Obama, lawmakers to discuss economic plan
AFP - 1 hour 49 minutes ago
WASHINGTON (AFP) - - US President-elect Barack Obama will meet Monday with key congressional leaders to discuss a multi-billion-dollar economic stimulus plan Democrats hope to pass shortly after Obama takes office.
The meeting will be Obama's first with Capitol Hill lawmakers since his historic November 4 election victory, and his first high-profile act in Washington after moving to the capital from his Chicago home on Sunday.
Obama will meet the heads of both chambers of Congress, including Senate Democratic leader Harry Reid and House of Representatives speaker Democrat Nancy Pelosi.
ABC news reported that House Republican leader John Boehner and Senate Republican leader Mitch McConnell are expected to participate in the talks, though Republican congressional aides did not confirm a schedule.
The talks will center on a recovery plan for the troubled US economy, which will be the first priority of his new administration.
For several weeks Obama's economic team have been in talks over a future package. The negotiations were almost wrapped up before Christmas, vice-president elect Joe Biden said in an interview.
According to US media reports, the bill to be presented to lawmakers could exceed 850 billion dollars, while some commentators say the eventual package could top a trillion dollars.
To revive the world's largest economy, struggling amid global financial turmoil, the incoming White House economic team hopes to create three million jobs -- 80 percent of which will be in the private sector.
The stimulus plan will attempt to favor long-term infrastructure and job creation projects over tactics aimed at boosting consumer spending, according to Obama advisor Lawrence Summers, tapped to head the new White House National Economic Council.
With the United States facing gloomy forecasts of up to 10-percent unemployment and a deepening recession in 2009 -- likely "the bleakest economic outlook since World War II" -- Summers said creating three million new jobs was a "key pillar" of Obama's plan.
"In this crisis, doing too little poses a greater threat than doing too much," Summers wrote in an editorial in The Washington Post.
"Any sound economic strategy in the current context must be directed at both creating the jobs that Americans need and doing the work that our economy requires."
The Wall Street Journal reported Monday that Obama planned to include in his stimulus package a 300-billion-dollar tax break .
The president-elect hopes the tax break for people earning up to 200,000 dollars a year that also includes a one-year tax credit for companies that hire or rehire more people -- worth some 40-50 billion dollars -- will help "create or save" three million jobs by 2011.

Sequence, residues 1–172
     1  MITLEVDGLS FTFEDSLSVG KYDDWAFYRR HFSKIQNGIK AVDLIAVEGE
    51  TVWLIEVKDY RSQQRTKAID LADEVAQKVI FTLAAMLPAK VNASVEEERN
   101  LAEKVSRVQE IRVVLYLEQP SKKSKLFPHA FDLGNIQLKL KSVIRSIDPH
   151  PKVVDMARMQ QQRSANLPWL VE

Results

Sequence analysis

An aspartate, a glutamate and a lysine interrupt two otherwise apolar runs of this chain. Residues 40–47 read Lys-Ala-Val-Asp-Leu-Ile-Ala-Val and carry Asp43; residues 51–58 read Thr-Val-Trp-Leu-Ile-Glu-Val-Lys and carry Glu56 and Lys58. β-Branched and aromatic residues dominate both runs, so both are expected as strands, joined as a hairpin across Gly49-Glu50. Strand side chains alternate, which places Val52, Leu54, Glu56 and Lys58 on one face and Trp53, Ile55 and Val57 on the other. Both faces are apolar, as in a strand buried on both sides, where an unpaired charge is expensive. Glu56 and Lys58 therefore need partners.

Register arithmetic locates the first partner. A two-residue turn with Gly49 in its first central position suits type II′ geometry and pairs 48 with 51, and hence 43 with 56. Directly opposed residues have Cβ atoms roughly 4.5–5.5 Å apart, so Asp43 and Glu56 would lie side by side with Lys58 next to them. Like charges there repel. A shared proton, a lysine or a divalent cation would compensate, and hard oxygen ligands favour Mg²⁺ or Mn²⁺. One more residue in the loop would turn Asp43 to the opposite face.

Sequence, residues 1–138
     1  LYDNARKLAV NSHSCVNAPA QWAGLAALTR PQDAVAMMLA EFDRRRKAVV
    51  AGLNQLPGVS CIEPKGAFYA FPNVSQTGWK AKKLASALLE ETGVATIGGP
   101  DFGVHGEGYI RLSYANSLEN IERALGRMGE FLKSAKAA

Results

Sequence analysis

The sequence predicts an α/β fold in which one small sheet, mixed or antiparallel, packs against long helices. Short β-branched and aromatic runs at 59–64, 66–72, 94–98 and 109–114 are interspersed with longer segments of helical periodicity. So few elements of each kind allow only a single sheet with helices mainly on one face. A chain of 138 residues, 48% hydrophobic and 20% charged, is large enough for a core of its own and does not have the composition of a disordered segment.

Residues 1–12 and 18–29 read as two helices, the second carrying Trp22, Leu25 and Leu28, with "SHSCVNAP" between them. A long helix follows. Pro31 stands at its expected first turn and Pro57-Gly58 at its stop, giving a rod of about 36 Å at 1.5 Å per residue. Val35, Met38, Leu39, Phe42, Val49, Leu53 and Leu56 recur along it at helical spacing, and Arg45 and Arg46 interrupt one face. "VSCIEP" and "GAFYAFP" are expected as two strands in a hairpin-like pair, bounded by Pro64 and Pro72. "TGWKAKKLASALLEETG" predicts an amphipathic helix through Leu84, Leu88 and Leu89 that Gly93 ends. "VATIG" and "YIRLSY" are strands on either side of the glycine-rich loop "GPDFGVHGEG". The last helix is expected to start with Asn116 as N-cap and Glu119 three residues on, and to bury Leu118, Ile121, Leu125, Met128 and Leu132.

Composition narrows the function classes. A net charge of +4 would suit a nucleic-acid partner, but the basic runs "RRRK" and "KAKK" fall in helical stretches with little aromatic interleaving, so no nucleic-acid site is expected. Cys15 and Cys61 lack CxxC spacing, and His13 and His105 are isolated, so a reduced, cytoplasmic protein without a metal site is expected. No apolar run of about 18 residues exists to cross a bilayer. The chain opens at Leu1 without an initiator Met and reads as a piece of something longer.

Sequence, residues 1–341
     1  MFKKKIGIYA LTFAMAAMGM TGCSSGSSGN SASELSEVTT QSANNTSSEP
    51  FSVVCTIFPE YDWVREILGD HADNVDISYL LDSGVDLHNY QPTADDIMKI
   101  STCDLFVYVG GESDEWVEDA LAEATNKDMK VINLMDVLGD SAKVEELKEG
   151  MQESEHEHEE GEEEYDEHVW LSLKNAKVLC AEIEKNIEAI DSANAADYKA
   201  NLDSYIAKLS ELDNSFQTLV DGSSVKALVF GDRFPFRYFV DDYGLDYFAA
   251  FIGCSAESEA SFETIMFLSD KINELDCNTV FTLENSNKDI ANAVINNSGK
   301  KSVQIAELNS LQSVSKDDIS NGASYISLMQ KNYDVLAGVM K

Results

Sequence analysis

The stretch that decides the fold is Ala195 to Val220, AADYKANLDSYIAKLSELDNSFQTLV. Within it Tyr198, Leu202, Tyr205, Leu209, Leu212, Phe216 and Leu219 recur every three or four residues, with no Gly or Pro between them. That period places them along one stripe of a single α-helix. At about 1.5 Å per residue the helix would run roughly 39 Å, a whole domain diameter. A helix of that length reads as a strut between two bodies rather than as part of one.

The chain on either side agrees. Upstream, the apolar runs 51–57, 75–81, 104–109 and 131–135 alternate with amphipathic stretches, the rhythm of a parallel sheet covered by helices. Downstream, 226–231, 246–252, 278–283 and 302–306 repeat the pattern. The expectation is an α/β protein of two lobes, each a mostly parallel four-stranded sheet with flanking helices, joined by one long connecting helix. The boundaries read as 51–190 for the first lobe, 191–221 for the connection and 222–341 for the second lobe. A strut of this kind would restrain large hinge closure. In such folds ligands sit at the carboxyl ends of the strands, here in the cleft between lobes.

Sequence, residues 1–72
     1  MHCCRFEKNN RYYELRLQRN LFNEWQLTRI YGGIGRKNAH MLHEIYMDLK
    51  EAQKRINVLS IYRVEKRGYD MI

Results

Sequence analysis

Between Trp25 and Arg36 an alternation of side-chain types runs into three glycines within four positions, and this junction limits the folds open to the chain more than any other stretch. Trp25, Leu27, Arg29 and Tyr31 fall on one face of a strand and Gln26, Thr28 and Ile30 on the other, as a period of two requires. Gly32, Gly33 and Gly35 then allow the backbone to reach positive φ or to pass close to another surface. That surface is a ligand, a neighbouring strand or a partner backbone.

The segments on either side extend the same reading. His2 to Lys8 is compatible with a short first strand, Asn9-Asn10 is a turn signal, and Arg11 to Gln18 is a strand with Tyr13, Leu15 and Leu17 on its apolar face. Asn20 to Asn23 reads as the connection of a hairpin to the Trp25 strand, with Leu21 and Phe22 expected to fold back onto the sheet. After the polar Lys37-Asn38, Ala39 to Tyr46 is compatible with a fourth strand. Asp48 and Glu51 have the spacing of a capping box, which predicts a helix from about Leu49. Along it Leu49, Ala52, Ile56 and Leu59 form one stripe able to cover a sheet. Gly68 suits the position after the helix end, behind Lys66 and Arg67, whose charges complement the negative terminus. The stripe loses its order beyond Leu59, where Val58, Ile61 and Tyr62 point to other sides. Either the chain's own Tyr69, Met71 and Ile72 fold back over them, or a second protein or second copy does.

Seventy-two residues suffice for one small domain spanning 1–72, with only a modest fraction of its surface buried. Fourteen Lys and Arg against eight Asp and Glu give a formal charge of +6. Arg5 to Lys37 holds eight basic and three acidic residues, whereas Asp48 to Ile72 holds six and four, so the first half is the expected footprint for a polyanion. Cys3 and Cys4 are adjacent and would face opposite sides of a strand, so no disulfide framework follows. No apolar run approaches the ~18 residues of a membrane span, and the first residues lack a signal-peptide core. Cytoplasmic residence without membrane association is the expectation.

Obama spokesman Robert Gibbs said Monday's meetings are designed to get legitimate bipartisan input and to convey a sense of urgency about the state of the economy.
"We've seen statistics, we've seen Christmas sales, consumer confidence and obviously upcoming job numbers which underscore that a very serious situation has only gotten worse and isn't likely to get better any time soon," Gibbs told reporters traveling with Obama.
But he agreed with predictions that it was "very unlikely" that the stimulus package would be ready by January 20, when Obama takes office.
Obama flew to Washington from Chicago as he faced the first major embarrassment over his cabinet lineup as his choice for commerce secretary was forced to pull out.
New Mexico Governor Bill Richardson said he was withdrawing his name from contention for the economic job owing to an investigation into a financial company doing business with his state.
In a joint statement issued with Obama, Richardson said he had asked the president-elect to pull his name from the Senate confirmation process with "great sorrow."
Obama is also expected to discuss with lawmakers the legislative agenda of the new Congress, which will meet for the first time next week.
President George W. Bush has invited Obama to a White House lunch Wednesday, along with former presidents Bill Clinton, George H.W. Bush and Jimmy Carter.
The president-elect, his wife Michelle and daughters are staying at the luxury Hay-Adams Hotel, a stone's throw from the White House.
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US President Elect Barack Obama walks down the steps of an Air Force jet January 4 at Andrews Air Force Base, Maryland. Obama will meet Monday with key congressional leaders to discuss a multi-billion-dollar economic stimulus plan Democrats hope to pass shortly after Obama takes office.
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